The most common symptom of gastroesophageal reflux disease (GERD) is heartburn, which occurs when the acidic contents of the stomach reflux (flow backward) into the esophagus. But some people with GERD do not have heartburn; this most often occurs in older adults. Instead, they experience asthma, a chronic cough, chest pain, or laryngitis.
These symptoms result when stomach acid refluxes into organs connected to the esophagus, such as the larynx, trachea, and lungs. The chance of developing these nonheartburn symptoms of GERD increases with age.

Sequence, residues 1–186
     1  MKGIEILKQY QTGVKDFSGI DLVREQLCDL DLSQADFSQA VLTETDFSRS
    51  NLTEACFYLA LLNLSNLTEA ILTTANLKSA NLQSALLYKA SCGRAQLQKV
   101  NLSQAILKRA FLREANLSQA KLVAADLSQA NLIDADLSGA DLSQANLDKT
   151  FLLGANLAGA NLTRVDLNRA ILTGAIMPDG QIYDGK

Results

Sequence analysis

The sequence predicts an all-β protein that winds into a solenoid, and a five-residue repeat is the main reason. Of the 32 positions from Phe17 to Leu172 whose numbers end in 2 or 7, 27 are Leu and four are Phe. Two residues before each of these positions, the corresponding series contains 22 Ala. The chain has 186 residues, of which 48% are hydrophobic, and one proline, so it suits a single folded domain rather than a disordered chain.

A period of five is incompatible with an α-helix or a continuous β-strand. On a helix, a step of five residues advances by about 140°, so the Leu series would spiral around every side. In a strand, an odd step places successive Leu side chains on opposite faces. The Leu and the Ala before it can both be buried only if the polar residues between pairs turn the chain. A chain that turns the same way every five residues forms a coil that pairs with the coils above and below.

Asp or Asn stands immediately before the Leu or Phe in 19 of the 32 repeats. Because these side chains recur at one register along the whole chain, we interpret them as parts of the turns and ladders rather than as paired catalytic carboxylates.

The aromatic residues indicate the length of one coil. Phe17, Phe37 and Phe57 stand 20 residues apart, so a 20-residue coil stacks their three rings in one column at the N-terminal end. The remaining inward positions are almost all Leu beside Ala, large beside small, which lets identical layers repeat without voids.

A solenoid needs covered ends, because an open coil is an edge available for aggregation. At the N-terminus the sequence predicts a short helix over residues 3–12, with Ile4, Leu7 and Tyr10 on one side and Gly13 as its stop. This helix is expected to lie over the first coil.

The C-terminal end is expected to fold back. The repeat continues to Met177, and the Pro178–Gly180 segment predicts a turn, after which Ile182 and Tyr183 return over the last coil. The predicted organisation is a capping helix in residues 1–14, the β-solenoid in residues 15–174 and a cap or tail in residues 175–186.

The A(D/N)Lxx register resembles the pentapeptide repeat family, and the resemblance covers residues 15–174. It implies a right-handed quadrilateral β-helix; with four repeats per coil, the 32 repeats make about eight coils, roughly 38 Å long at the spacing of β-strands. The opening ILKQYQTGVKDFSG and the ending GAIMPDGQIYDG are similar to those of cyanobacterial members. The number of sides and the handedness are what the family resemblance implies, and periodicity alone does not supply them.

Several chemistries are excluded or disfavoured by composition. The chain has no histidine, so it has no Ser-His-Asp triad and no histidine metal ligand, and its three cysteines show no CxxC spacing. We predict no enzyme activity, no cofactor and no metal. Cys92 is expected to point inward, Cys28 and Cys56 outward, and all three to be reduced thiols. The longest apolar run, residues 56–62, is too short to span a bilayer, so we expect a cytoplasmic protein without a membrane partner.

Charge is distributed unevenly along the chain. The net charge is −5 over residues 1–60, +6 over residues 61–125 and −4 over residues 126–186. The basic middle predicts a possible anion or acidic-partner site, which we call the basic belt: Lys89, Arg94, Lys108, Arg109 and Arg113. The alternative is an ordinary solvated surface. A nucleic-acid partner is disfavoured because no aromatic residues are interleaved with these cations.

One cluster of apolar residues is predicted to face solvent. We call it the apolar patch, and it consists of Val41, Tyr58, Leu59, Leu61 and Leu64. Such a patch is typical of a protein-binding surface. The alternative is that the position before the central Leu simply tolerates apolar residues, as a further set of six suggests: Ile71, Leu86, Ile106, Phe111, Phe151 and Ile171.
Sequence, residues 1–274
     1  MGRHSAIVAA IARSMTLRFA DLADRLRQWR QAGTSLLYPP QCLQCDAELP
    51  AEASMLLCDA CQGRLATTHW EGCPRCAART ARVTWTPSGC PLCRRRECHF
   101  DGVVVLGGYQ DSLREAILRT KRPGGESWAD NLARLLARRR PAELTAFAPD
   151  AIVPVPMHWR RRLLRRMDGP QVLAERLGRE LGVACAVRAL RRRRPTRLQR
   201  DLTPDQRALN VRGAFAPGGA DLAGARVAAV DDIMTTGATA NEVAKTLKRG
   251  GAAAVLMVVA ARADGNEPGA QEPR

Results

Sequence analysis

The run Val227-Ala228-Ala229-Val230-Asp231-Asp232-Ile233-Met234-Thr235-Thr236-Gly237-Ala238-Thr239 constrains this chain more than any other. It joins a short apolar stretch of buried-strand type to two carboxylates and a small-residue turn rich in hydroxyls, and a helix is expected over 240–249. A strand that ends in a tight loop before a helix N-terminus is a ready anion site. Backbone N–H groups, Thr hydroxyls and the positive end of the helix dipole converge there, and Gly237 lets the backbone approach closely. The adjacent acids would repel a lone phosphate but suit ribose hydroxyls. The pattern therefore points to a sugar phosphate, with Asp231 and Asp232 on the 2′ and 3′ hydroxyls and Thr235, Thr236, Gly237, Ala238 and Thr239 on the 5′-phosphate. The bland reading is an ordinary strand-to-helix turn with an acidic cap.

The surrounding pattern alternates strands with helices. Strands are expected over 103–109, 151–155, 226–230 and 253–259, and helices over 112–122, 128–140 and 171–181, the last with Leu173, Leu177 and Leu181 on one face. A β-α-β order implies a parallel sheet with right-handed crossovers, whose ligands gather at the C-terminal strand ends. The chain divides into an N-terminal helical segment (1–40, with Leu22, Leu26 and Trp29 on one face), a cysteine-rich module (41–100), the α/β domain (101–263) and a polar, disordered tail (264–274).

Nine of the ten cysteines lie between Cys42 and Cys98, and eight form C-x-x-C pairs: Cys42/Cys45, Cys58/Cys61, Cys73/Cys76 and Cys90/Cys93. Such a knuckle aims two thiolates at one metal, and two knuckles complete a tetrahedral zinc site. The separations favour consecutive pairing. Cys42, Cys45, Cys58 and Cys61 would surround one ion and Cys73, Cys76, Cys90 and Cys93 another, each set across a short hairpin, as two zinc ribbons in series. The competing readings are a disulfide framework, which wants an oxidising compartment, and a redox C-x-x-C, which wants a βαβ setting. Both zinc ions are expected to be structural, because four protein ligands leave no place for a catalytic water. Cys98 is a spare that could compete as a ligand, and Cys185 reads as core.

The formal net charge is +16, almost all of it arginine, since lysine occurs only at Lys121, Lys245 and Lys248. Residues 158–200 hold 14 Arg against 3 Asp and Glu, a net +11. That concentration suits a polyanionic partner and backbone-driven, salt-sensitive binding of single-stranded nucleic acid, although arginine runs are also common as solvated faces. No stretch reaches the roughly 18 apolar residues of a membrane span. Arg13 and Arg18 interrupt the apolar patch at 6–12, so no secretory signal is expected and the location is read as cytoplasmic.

If the symptoms go away within three months of treatment with a proton pump inhibitor—such as esomeprazole (Nexium), lansoprazole (Prevacid), omeprazole (Prilosec), pantoprazole (Protonix), or rabeprazole (AcipHex)—to suppress acid production in the stomach, GERD was most likely the problem.
So if you are wondering whether those bouts of asthma, that nagging cough, those episodes of chest pain, or that hoarse voice could be due to GERD, check out the table below and talk with your physician if you have any concerns.
Many of the same treatments for heartburn—lifestyle measures, medications, and surgery—may relieve the nonheartburn symptoms of GERD as well.
This article first appeared in the 2019 UC Berkeley Digestive Disorders White Paper.
Also see PPIs for GERD: With Benefits Come Risks.